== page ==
A nationwide general strike Wednesday in South Africa drew thousands of protesters, with marches in at least six cities including Johannesburg, Cape Town and Durban.
The strike, coordinated by the South African Federation of Trade Unions (SAFTU), meant to “bring South Africa to a standstill” over the country’s economic plight, its high unemployment rates, and the persistence of poverty and inequality – including a proposed 20-rand national minimum wage.
“The scandalous fact that so many employers currently pay employees even less than this poverty wage in no way justifies the government agreeing to a statutory minimum which will still leave workers trapped in poverty,” the SAFTU said in a statement.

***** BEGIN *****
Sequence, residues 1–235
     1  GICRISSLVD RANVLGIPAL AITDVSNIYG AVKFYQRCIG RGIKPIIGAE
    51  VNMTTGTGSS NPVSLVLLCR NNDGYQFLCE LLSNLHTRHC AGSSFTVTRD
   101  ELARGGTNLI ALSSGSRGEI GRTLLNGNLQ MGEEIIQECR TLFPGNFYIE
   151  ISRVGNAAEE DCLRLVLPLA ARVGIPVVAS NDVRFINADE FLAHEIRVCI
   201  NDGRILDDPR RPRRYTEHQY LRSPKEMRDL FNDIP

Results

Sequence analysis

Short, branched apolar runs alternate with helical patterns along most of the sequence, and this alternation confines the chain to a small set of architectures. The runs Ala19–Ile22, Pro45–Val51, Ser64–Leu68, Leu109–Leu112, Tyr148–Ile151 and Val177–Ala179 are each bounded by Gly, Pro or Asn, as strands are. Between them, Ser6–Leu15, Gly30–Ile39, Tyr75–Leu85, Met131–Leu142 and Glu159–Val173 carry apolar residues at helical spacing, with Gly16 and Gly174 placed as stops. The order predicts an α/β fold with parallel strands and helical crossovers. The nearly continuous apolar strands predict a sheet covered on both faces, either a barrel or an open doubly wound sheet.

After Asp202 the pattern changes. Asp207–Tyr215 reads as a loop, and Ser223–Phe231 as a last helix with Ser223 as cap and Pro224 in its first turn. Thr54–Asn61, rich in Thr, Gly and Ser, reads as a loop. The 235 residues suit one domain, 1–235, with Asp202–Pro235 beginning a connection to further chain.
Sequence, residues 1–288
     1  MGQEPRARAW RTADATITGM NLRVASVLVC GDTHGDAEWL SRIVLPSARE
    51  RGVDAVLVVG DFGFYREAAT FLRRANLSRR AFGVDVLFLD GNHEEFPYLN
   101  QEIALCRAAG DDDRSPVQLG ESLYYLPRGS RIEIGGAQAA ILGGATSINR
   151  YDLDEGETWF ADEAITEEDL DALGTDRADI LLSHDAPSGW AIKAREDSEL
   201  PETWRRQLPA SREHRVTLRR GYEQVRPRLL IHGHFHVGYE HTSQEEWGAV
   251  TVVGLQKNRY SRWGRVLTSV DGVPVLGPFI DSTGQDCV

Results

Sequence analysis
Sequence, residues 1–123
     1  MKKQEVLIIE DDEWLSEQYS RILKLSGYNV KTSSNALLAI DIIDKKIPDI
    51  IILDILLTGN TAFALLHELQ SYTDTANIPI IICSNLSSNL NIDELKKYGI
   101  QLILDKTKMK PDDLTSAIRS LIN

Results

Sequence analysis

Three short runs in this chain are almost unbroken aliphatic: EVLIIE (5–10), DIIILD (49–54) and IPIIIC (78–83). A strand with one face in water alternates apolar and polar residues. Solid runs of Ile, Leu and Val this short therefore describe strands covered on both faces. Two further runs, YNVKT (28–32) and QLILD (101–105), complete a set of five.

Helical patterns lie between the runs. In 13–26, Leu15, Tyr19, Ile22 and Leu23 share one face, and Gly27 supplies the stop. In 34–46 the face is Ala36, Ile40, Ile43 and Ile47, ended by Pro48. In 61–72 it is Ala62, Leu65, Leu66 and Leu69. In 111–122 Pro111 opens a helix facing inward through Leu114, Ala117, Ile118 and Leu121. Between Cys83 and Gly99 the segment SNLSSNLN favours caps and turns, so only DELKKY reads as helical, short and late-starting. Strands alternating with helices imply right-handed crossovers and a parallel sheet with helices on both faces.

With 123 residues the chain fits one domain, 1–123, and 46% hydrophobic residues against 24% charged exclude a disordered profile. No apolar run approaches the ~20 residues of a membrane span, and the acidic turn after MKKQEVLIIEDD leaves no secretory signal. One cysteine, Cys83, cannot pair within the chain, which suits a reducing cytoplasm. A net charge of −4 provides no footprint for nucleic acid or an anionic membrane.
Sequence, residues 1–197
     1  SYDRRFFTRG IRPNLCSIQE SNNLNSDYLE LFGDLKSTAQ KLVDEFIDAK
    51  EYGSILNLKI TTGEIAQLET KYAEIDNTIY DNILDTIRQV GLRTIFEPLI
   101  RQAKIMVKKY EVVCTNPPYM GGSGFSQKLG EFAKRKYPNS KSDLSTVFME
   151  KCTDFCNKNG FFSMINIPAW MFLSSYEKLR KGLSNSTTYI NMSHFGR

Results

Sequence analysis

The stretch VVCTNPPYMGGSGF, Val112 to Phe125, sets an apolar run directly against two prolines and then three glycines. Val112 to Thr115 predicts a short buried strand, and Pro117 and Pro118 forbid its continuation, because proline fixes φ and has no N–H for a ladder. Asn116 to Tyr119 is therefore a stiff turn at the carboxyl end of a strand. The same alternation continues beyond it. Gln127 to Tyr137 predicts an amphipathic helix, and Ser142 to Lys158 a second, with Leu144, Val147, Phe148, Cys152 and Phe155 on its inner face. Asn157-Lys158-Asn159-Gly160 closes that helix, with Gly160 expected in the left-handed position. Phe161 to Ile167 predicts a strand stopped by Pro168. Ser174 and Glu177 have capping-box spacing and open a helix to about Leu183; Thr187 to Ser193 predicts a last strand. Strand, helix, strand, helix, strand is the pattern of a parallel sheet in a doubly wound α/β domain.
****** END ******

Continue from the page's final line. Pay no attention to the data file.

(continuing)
Organizers targeted President Cyril Ramaphosa with criticism because he supports the wage plan. Despite sporadic reports of vandalism, the marches remained peaceful.
The unions and their workers also object to new labor laws currently considered by the South African parliament they say would weaken unions, limiting their ability to negotiate or go on strike. SAFTU also opposes tax increases – including fuel, road accident and VAT taxes – at a time when so many struggle.
“The South African economy is in free-fall, with no sign of recovery, and, as always it is the working class and the poor who suffer most as a result,” they said. Add to that the ongoing anger over corruption at the highest levels of government and it’s a “colossal human tragedy,” they added.